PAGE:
Are Hoaxes and Scams Killing Testimonials?

As I was “stumbling” through some websites this weekend, I came across one called infomercialscams.com. That got me thinking about the e-mail hoaxes that litter our inboxes on a regular basis, many coming from well-intentioned, blind faith friends and family forwarding them happily along.

I am a skeptical guy by nature, and I tend to suspend belief until I can investigate further. Snopes and Wikipedia are my favorite starting points. (Oddly, as I am writing this, I see this post from Seth Godin.) So here’s my question: are the proliferation of hoaxes and scams signaling the end of legitimate testimonials?

For a testimonial to work, it has to be from someone people can trust, for whatever reason. Viewers must believe that the person giving the testimonial honestly believes in the product. Doubt creeps in when it seems too scripted, when it’s accompanied by fine print or when stories like this one appear.

Testimonials rely on authenticity. For an endorsement to work, it has to be a real user with a real reason to use it. The key word here is “real”.

Look at an ad for a diet program that includes testimonials about how much weight people lost (and nearly all of them do). The advertiser puts in small print “results not typical”. Why? What’s wrong with small victories? What about people failing to succeed and the reasons why? Without addressing those issues, it’s no better than the average scam. And this can go for just about anything.The problem with most testimonials is that the seller is putting up only the people and scripts they approve. And their argument would be “there is no way I would take the chance that someone would say something bad about my product”. They want to control the message you hear. We all do. I have often said that all communication is a form of manipulation.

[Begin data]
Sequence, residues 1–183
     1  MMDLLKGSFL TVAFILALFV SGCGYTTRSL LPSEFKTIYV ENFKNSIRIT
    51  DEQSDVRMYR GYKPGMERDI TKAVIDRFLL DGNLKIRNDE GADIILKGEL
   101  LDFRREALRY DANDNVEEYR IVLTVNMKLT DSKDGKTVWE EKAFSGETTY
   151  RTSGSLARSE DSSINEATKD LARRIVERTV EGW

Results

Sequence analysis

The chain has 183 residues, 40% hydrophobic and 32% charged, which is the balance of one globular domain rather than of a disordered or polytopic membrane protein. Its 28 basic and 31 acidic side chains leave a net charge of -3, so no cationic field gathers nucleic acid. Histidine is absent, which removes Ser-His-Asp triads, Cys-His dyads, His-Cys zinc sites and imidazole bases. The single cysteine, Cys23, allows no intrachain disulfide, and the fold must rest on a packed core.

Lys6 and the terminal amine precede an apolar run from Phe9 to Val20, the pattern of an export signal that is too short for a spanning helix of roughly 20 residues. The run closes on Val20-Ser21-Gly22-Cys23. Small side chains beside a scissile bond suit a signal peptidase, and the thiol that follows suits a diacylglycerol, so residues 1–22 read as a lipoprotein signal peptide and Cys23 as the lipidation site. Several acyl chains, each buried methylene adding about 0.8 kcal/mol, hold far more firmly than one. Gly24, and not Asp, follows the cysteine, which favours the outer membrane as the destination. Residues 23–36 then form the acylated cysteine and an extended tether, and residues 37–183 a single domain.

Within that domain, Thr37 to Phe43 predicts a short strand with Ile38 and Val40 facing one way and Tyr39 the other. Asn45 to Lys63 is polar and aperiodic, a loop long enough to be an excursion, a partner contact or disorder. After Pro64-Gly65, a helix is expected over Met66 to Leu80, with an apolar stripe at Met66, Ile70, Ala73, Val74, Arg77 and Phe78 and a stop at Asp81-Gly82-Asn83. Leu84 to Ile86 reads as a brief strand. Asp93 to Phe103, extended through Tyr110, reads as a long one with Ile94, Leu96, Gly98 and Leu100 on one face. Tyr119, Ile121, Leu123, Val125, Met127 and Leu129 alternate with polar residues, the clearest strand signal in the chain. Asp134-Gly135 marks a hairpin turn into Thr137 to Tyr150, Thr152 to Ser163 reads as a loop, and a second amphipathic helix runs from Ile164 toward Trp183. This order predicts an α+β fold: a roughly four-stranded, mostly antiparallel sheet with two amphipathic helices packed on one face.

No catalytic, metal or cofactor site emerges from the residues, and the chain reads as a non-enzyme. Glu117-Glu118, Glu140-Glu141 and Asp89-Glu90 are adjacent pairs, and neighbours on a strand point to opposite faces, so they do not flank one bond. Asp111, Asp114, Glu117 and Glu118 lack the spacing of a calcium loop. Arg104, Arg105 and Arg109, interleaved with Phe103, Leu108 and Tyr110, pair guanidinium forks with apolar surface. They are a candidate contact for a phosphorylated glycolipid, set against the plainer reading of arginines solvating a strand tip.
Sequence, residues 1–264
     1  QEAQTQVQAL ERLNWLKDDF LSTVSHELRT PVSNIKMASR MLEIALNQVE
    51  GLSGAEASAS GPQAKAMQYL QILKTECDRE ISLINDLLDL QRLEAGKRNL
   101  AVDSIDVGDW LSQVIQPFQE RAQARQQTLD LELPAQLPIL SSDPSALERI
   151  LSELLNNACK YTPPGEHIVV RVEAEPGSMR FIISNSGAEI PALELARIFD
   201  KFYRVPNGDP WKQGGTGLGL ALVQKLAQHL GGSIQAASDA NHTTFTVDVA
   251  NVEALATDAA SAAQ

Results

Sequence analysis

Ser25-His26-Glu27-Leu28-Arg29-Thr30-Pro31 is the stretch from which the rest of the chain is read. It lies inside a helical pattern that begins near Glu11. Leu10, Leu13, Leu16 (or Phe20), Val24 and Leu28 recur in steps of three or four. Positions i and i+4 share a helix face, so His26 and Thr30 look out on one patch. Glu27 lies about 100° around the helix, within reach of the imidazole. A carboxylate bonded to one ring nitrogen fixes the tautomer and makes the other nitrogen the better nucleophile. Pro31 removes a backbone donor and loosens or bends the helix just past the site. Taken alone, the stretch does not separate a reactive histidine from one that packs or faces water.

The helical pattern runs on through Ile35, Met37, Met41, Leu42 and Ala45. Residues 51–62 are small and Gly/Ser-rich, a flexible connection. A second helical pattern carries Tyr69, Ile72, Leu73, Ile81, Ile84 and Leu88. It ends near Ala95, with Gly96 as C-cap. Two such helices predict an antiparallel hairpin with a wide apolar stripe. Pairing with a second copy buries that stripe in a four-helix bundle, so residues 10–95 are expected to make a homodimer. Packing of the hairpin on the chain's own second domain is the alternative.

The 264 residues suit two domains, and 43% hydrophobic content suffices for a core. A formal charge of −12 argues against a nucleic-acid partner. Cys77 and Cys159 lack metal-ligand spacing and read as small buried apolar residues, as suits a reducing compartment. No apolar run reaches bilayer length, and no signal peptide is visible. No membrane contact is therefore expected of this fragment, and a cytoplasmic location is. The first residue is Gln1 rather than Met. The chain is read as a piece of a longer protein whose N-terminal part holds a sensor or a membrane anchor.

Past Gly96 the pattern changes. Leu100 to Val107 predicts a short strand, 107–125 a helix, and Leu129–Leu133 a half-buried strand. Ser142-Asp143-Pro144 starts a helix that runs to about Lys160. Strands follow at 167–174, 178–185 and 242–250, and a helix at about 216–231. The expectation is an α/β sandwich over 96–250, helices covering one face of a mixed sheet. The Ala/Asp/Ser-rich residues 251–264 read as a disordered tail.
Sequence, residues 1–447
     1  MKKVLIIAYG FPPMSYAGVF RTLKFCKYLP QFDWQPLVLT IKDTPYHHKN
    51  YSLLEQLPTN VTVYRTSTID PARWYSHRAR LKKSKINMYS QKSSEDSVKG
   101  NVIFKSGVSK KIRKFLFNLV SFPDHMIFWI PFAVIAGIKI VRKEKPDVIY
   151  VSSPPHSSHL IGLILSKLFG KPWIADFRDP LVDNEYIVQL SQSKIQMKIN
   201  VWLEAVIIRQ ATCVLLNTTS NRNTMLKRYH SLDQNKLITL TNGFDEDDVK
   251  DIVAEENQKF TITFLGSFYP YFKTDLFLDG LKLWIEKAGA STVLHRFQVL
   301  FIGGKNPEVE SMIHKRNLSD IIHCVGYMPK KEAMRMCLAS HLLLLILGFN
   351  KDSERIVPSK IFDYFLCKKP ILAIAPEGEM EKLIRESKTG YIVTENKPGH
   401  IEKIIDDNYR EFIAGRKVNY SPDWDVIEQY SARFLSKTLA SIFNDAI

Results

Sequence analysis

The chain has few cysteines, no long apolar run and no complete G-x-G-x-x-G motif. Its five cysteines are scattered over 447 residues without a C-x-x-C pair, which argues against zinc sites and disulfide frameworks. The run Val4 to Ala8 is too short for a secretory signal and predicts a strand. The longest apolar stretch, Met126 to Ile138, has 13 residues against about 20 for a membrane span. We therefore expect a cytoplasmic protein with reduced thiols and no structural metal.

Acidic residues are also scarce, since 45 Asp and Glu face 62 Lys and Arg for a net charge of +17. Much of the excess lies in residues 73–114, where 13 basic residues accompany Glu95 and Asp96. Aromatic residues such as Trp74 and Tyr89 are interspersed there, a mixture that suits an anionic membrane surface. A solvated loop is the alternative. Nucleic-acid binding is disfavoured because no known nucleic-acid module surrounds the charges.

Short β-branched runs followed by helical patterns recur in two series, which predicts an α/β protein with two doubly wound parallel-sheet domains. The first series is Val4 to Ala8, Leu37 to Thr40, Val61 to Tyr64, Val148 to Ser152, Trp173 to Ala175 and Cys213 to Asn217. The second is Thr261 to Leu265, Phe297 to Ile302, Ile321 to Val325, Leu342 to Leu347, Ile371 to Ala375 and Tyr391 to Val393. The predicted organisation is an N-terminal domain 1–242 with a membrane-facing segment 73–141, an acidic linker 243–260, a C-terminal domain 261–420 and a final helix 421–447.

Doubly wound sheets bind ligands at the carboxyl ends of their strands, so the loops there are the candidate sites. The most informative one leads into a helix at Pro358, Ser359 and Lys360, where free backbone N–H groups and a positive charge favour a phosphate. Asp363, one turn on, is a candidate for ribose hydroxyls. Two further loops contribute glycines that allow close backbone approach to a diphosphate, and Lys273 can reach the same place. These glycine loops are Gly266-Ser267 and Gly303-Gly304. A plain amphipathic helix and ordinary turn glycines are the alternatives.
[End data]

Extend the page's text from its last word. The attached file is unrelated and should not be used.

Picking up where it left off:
But I have another point. If people don’t expect you to be perfect, then they won’t be disappointed when you’re not.

Be real. Deliver on your promises. These are simple concepts often lost in greed and a desire to control.

As an aside, when I wrote the posts “Think Twice about that Endorsement” and “A Desire for Authenticity”, I didn’t think I would be closing the loop on those ideas in quite this way.

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One Response

  1. Hi! I was surfing and found your blog post… nice! I love your blog. 🙂 Cheers! Sandra. R.

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